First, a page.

Windows XP Professional SP2; 3.4GHz Intel P4 Extreme; Intel 925X chipset; 1,024MB DDR SDRAM 533MHz; 256MB Nvidia GeForce 6800 Ultra (PCIe); two WDC WD360GD-00TNA0 36GB 10,000rpm Serial ATA; integrated Intel 82801FR SATA RAID controller

Cyberpower Media Center Ultra Edition
Windows XP Media Center Edition 2005; 2.6GHz AMD Athlon 64 FX-55; Via K8T800 Pro chipset; 1,024MB DDR SDRAM 400MHz; 256MB Nvidia GeForce 6800 Ultra (AGP); Maxtor 7Y250M0 250GB 7,200rpm Serial ATA

Falcon Northwest FragBox 2
Windows XP Professional SP2; 3.8GHz Intel P4 570; Intel 925X chipset; 1,024MB DDR2 SDRAM 533MHz; 256MB Nvidia GeForce 6800 Ultra (PCIe); two Maxtor 6B300S0 300GB 7,200rpm, Serial ATA; integrated Intel 82801FR SATA RAID controller

Velocity Micro Gamer's Edge DualX
Windows XP Professional SP2; 2.6GHz AMD Athlon 64 FX-55; Nvidia Nforce4 Ultra SLI chipset; 1,024MB DDR SDRAM 400MHz; 256MB (2) Nvidia GeForce 6800 Ultra (PCIe, SLI); two WDC WD740GD-00FLX0 74GB 10,000rpm Serial ATA; WDC WD2500JD-50HBB0 250GB 7,200rpm Serial ATA; integrated Silicon SiI 3114 SoftRAID 5 controller

Velocity Micro ProMagix PCX
Windows XP Professional; 3.6GHz Intel P4 560; Intel 925X chipset; 1,024MB DDR2 SDRAM 533MHz; 256MB Nvidia GeForce 6800 Ultra (PCIe); two WDC WD740GD-00FLX0 74GB 10,000rpm Serial ATA; Hitachi HDS724040KLSA80 400GB Serial ATA 7,200rpm; integrated Intel 82801FR SATA RAID controller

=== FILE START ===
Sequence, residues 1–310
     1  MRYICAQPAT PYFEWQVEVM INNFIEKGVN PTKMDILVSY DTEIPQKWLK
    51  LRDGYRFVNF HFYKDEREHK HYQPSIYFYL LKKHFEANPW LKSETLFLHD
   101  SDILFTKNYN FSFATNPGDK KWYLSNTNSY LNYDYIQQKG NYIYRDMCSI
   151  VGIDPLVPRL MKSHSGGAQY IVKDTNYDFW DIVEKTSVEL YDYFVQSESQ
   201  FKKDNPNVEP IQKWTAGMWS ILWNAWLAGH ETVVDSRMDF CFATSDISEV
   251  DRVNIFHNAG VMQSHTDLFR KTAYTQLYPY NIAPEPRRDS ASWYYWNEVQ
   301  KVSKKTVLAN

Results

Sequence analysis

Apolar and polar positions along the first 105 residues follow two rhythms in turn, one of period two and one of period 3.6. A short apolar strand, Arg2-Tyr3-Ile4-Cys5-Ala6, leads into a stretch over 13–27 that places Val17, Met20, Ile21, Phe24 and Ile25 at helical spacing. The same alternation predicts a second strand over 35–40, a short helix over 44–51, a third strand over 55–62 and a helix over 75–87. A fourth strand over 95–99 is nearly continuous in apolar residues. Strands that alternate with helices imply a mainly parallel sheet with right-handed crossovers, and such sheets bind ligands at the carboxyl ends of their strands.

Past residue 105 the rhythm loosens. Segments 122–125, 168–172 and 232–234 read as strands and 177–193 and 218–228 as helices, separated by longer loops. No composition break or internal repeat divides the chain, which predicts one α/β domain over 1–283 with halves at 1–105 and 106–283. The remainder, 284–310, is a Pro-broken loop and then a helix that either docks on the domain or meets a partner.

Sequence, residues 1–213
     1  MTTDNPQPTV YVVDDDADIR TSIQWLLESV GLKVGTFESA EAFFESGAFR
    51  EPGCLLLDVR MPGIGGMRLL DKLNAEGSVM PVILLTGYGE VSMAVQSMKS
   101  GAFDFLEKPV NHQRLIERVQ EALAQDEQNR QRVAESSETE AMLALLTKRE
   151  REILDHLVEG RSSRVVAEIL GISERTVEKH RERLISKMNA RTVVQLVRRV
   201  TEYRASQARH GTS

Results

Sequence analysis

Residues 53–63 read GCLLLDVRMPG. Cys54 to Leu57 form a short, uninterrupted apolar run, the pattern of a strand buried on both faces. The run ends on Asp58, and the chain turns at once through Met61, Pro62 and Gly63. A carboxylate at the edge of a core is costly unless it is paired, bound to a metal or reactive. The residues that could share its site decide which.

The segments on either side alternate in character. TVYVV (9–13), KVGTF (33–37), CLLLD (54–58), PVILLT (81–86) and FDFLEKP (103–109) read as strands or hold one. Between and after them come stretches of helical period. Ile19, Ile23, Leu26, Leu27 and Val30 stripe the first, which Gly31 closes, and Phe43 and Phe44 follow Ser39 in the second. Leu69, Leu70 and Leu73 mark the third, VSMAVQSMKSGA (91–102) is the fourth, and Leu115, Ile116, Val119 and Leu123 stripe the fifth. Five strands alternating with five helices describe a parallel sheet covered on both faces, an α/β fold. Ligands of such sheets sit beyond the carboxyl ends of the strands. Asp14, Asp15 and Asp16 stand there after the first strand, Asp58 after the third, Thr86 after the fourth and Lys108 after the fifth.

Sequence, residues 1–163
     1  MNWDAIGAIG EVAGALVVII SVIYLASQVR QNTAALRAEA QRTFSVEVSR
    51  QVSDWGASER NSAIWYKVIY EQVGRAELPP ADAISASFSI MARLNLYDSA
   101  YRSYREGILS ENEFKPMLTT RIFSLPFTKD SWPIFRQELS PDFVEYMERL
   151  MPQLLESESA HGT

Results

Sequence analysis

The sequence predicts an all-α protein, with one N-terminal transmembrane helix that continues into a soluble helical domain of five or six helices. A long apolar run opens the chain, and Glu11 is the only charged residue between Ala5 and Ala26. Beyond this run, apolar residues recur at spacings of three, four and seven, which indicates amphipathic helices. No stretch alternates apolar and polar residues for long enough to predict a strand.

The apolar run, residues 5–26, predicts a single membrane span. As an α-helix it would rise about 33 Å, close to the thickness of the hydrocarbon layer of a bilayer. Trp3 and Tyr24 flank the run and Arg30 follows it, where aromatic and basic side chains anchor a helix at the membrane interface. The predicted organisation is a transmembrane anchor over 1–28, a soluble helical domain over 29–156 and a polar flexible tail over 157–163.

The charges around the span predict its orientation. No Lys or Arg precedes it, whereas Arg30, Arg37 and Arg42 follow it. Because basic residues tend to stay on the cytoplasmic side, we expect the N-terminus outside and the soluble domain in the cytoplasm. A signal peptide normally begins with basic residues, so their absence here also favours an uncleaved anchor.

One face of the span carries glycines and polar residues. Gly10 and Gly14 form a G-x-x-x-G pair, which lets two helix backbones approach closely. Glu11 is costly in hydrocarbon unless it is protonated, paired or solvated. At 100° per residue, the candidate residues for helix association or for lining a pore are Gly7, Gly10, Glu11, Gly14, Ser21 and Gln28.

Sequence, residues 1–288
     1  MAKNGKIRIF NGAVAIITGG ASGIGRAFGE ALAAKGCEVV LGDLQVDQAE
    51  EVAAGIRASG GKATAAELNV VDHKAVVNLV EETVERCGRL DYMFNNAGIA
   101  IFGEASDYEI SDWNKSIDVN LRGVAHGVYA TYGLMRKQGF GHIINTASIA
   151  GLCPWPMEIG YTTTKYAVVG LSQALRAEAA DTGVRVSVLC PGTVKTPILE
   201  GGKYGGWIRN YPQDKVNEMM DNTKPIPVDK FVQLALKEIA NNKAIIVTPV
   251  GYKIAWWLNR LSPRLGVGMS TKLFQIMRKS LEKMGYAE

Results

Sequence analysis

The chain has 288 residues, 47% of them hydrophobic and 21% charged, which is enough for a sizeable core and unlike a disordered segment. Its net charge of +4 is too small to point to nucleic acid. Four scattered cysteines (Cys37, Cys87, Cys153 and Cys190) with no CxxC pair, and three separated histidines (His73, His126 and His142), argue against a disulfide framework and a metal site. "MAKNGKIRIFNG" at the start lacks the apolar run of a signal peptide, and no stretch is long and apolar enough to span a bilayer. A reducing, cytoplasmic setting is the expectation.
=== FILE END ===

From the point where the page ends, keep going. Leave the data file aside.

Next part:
Velocity Micro offers an admirable support package with the Gamer's Edge DualX, with a three-year parts-and-labor warranty and a single year of 24/7 phone support and onsite service. You can extend the service to up to three years of onsite and 24/7 phone support for $199. The Web site provides plenty of useful resources as well, with a glossary, an optimization guide, a FAQ, links to manufacturer Web sites, and other help.

Look in the box itself, and you'll find the Velocity Micro Owner's Portfolio, which has a neatly organized collection of component manuals, driver discs, and a quick-setup guide. You'll also find a Velocity Micro user guide for some extra but not system-specific help.

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    Where to Buy

    Velocity Micro Gamer's Edge DualX (Athlon 64 FX-55)

    Part Number: CNETVELOCITYMICRODUALX Released: Dec 6, 2004
    Pricing is currently unavailable.

    Quick Specifications See All

    • Release date Dec 6, 2004
    • Graphics Processor NVIDIA GeForce 6800 Ultra
    • Capacity 2 x 74 GB
    • OS Provided Microsoft Windows XP Professional
    • Video Memory 256 MB GDDR3 SDRAM
    • Monitor Type None.